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So, I'm kind of new to multithreading and socket programming, especially in C#.

Anyways, I'm trying to create a program that creates each new accepted TcpClient as a new thread.

This is what I made:

    public static void Listen()
    {
        try
        {
            listener = new TcpListener(IPAddress.Any, port);
            listener.Start();

            while (true)
            {
                t = new Thread((client = listener.AcceptTcpClient));

            }
        }
        catch { Listen(); }
    }

I also have already declared listener as a TcpListener, t as a Thread, and client as a TcpClient.

The code is fine, except for where I create the thread, it gives me an error.

My ultimate goal is to create a new thread for each accepted connection, then be able to send data to a specific connection.

So, how do I create each connection/client in a new thread? How do I reference a certain thread/connection from another method called Send (to send the data over a stream to a specific thread/connection only)?

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what is the error? –  Shane Wealti Sep 19 '11 at 3:06
    
-1 for mentioning an error, but not giving any more information. What is the error? Is it an exception? where does it error? –  Alastair Pitts Sep 19 '11 at 3:13
    
It comes up with multiple errors, but it all revolves around it not being the right "type" to start a new thread with. –  Jacob Sep 19 '11 at 3:14

4 Answers 4

Since you mention that you are new to threading and sockets I will recommend a change in approach. Creating a new thread per incoming connection will not scale well. 1000 users results in 1000 threads and your server will spend most of it's time context switching. Instead you should consider using async I/O methods (e.g. TcpListener.BeginAcceptTcpClient). The callback that you provide to this method will be invoked on a .NET thread pool thread only when it is required to do something. Just be sure to synchronize access to instance variables (e.g. via a lock statement) since if two clients connect simultaneously the callbacks may run in parallel (which is, of course, the goal). Best of luck.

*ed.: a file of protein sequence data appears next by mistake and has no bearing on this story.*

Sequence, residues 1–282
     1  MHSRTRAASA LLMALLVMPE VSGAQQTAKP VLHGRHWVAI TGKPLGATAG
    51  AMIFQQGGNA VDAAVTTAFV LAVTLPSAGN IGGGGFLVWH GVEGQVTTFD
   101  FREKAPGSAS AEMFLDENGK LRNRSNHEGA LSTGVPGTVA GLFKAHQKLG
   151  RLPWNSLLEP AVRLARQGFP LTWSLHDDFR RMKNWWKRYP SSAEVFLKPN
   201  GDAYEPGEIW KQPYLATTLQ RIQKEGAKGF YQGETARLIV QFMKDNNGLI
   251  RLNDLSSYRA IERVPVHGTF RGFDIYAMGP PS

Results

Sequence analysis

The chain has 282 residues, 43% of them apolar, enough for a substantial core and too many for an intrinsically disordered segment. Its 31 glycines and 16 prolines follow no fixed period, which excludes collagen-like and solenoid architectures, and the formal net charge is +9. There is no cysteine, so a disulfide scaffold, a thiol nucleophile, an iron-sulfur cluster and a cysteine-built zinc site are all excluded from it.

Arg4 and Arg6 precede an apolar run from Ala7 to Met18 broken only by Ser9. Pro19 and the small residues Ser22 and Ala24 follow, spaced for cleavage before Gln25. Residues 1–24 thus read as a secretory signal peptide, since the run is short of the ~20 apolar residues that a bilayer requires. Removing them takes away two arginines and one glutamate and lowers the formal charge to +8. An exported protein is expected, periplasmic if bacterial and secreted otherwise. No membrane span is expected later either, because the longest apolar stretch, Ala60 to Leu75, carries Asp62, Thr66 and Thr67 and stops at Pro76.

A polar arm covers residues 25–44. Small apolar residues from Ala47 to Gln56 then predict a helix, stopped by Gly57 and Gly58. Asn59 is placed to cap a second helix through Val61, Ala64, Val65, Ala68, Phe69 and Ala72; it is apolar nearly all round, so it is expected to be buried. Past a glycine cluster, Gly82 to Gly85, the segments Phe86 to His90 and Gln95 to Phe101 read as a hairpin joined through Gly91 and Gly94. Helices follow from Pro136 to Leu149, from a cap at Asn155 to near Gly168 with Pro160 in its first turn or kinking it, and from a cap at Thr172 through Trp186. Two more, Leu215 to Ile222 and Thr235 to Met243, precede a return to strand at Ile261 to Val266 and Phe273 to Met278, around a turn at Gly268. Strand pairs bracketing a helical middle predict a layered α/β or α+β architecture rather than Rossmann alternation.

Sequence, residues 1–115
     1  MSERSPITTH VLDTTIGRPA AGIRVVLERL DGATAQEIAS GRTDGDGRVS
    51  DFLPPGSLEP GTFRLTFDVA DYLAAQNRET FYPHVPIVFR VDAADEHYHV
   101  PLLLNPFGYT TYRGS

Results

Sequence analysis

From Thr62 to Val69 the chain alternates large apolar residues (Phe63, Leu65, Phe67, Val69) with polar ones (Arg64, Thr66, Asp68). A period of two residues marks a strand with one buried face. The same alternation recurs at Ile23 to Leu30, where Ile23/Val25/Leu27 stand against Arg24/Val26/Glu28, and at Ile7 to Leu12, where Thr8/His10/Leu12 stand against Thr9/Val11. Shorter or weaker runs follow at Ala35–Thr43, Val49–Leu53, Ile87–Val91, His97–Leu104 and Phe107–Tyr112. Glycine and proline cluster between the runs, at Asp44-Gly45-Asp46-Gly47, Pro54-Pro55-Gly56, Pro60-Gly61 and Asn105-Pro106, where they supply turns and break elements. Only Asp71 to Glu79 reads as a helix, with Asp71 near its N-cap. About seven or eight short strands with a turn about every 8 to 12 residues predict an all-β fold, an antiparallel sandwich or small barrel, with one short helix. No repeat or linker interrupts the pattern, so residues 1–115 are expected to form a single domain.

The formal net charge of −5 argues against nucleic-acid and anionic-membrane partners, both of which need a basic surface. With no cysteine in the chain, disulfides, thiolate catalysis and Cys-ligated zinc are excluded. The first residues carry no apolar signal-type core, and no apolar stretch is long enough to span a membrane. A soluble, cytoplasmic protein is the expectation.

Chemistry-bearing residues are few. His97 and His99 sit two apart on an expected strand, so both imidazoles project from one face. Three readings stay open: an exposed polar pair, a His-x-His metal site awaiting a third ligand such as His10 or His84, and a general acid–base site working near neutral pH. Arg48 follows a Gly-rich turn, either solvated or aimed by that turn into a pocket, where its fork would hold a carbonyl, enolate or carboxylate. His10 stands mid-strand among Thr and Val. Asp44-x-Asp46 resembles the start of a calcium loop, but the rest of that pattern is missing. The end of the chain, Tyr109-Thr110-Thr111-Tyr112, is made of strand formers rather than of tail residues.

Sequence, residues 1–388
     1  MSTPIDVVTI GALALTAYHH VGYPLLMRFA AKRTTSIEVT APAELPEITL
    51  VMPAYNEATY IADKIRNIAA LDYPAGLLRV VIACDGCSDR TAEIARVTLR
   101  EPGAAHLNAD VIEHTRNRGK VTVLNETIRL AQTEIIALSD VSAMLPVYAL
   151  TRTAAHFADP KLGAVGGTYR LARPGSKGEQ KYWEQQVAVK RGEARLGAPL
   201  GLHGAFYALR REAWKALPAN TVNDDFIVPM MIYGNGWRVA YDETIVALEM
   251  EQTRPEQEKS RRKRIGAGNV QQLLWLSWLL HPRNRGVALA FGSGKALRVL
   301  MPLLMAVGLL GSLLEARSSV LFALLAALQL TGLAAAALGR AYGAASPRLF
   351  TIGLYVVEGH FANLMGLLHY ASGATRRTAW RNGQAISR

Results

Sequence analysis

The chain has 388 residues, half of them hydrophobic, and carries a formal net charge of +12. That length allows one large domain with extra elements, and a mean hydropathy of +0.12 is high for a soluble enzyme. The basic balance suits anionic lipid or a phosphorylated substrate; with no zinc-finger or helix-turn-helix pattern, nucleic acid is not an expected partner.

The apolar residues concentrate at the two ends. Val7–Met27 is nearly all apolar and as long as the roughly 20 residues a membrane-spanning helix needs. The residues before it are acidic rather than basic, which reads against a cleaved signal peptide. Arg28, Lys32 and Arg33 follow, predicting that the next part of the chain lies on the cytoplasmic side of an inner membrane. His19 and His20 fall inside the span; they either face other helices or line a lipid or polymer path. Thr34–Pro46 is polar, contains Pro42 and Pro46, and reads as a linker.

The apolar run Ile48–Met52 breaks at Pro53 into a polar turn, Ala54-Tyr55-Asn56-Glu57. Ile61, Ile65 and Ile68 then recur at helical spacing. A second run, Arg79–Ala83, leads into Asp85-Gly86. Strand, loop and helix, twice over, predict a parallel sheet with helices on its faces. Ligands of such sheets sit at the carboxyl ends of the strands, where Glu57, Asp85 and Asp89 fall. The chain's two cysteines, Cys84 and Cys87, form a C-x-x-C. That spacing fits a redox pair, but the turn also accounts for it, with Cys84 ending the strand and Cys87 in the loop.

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Here's my start method for a socket server sample I had. Note new thread takes new ThreadStart as an argument. I can send more of the sample if needed.

It uses ThreadPool.QueueUserWorkitem instead of using a thread per request. Look at the listener.

    public void Start()
    {
        m_protocol = LoadProtocolPlugIn();

        // Create a TcpListener to accept client connection requests
        TcpListener tcpListener = new TcpListener(m_address, m_port);
        tcpListener.Start();

        //
        // Create a protocol listener per thread
        //
        for (int i = 0; i < m_listeners; i++)
        {
            ProtocolListener listener = new ProtocolListener(tcpListener, m_protocol);
            Thread thread = new Thread(new ThreadStart(listener.Start));
            thread.Start();

            Console.WriteLine("Listening on thread: {0}", thread.Name);
        }

        m_state = ServerState.Started;
    }

and here's the protocol listener:

class ProtocolListener
{
    TcpListener m_listener;
    IProtocol   m_protocol = null;
    TcpClient   m_client = null;

    internal ProtocolListener(TcpListener listener, IProtocol protocol)
    {
        m_listener = listener;
        m_protocol = protocol;
    }

    internal void Start()
    {
        //
        // Block waiting for socket connection and then process.  Repeat in endless loop.
        //
        while (true)
        {
            try
            {
                m_client = m_listener.AcceptTcpClient();
                ThreadPool.QueueUserWorkItem (new WaitCallback(ProcessClientProtocol), m_protocol);
            }
            catch (SocketException se)
            {
                // TODO: replace with logging and event log
                Console.WriteLine("Exception = " +  se.Message);
            }
        }
    }

    private void ProcessClientProtocol (object protocol)
    {
        Debug.Assert(m_client != null);
        Debug.Assert(protocol != null);

        ((IProtocol)protocol).Client = m_client;
        ((IProtocol)protocol).ProcessClient();
    }
}
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This is not a very good way to do things. You should look at the either the BeginXXX/EndXXX pattern or the Async pattern for sockets.

http://msdn.microsoft.com/en-us/library/bbx2eya8.aspx

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The Thread constructor takes a delegate, while you are trying to give it an object. When you create a thread, you need to provide a method to be executed in that thread. For example:

private void HandleClient(TcpClient client)
{
   // ... 
}

However, it is usually a bad idea to create your own threads. You should use ThreadPool or Task Parallel Library, if you are using .NET 4:

ThreadPool.QueueUserWorkItem(() => HandleClient(acceptedClient));

or

Task.Factory.StartNew(() => HandleClient(acceptedClient));
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